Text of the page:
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Market Insight: The Next Generation of investors

headshot_Scott_Silo LORES

A lot has been written recently about Millennials and investing. First off, I want to point out that they do not like being called Millennials, they prefer the moniker “Next Gen” or “Next Generation.” Regarding investing, it is often noted that, while the majority of this new monster generation considers themselves savers rather than spenders, they do not consider themselves to be investors.

This has Wall Street in a tizzy trying to invent new products that will appeal to the Next Gen. Of course, some say that the problem is irreparable, blaming things like lower wages, higher rents, and huge student loan repayments as insurmountable impediments. They needn’t be so worried. This new generation will become investors in time. They will have to invest in order to survive. They are just too young. I doubt seriously that any of their parents were thinking about investments at Woodstock. In time, investing will become important and they will bring their own values to the process.

So, how will they invest? The short answer is: much differently than their parents. The baby-boomers loved mutual funds and even annuities. These investments will not be popular with their children. Like Lloyd Dobler in the movie “Say Anything,” the Millennials don’t want to “buy anything bought, sold, or processed.” They will eschew some of the high-cost investment products that dominated the markets when their parents were investing.

So, rather than packaged products that are sold by someone making a commission, the meat of their portfolios as they move towards retirement in 2055 will be things like low-cost Exchange Traded Funds Index Funds and individual stocks. They’re aware that their dad bought a high-cost annuity from a fraternity brother and they won’t forget how badly that turned out.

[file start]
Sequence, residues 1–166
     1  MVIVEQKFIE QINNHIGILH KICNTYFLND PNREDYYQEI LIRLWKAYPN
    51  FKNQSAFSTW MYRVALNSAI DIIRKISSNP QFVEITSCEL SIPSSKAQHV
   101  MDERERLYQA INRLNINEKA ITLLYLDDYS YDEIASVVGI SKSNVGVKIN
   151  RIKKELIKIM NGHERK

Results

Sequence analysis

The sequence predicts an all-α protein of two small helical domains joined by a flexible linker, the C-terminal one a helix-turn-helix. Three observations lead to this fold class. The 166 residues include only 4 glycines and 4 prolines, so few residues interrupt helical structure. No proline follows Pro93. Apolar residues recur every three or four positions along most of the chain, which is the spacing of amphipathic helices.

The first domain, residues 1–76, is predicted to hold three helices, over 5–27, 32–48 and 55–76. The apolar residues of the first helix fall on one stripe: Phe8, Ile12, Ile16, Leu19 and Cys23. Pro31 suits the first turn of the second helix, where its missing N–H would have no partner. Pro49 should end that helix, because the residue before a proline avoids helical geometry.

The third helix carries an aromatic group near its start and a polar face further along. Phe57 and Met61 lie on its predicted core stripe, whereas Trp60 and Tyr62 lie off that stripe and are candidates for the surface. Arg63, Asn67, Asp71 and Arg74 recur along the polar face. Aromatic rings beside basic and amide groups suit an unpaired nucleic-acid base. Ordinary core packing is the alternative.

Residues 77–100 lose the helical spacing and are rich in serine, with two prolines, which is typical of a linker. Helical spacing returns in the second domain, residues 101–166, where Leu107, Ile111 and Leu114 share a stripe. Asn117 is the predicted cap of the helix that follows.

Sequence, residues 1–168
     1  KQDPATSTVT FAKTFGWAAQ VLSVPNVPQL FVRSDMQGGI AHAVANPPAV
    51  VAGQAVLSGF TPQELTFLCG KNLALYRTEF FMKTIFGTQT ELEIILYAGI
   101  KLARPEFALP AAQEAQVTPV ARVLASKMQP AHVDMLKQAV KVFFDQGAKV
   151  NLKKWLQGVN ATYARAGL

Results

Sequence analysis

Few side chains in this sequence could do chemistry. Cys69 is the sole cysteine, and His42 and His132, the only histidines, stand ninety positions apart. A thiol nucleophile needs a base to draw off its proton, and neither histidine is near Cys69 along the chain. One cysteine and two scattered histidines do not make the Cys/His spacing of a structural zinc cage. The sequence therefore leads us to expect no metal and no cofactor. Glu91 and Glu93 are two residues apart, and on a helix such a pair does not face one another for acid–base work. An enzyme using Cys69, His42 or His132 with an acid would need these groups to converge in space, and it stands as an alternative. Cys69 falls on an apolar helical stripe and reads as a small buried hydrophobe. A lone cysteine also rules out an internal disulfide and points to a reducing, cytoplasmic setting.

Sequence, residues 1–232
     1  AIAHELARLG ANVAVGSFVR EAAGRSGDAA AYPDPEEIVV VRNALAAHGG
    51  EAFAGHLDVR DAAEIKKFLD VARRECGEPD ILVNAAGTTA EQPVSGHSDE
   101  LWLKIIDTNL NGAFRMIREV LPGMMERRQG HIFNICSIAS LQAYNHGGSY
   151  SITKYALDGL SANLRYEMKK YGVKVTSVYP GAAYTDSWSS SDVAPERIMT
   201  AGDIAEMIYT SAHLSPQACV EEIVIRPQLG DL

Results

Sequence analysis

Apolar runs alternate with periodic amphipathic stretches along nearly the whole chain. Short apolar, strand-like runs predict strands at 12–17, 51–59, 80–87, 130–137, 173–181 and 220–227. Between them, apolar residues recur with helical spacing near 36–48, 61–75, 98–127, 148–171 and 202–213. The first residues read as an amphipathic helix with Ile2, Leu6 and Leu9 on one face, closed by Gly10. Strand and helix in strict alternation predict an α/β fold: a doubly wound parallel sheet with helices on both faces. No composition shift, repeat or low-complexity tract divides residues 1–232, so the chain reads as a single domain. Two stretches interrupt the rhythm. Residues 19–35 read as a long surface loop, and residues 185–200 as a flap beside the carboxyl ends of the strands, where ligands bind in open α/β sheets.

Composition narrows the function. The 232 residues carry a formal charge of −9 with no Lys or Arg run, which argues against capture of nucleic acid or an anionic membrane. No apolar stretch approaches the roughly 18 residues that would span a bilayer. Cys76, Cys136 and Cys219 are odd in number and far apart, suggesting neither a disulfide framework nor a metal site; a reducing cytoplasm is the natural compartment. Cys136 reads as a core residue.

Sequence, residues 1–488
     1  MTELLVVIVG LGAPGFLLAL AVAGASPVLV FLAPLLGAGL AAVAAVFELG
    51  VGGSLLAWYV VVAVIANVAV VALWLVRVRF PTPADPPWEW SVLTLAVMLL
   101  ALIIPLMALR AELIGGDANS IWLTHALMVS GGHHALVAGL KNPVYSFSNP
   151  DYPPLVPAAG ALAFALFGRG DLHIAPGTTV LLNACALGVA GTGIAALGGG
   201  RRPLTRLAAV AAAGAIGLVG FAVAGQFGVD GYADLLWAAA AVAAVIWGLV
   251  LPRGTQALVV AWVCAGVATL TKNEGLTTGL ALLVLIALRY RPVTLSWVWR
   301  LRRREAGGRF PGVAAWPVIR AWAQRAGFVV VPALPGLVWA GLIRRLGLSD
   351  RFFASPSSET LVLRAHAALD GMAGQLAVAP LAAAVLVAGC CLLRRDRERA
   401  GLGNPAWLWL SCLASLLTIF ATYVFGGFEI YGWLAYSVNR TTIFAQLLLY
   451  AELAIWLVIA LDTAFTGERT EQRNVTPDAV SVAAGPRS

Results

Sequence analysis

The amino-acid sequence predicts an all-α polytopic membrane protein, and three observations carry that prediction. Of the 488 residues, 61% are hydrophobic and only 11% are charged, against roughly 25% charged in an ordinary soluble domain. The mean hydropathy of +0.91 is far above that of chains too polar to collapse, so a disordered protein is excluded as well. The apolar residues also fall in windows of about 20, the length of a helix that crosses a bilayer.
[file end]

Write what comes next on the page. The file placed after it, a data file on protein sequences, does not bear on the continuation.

The Next Generation will want a more organic approach. They will want the ingredients to be hand-picked and they will want them to be healthy. One would expect that technology companies will be favorites, but as these kids age they will come to appreciate the stability provided by more conservative stock choices like consumer products and utilities. Many of these novice investors will seek to do it on their own, using Google to find information. The smarter ones will seek out a professional fiduciary to manage their assets, one that does not sell a product, one whose interests are aligned with their own.

In the end, this new generation will be the largest and wealthiest generation of all time. They are set to inherit the largest wealth transfer in history. Their more frugal approach to consumption will lead to a heretofore unheard-of level of investment. Frankly, Wall Street needs to be concerned, not about the Millennials never investing, but about the way they will invest. These kids aren’t scared of stocks, they are scared of Wall Street — and rightfully so!

Scott A. Grant is President of Standfast Asset Management in Ponte Vedra Beach. He welcomes your comments or questions at


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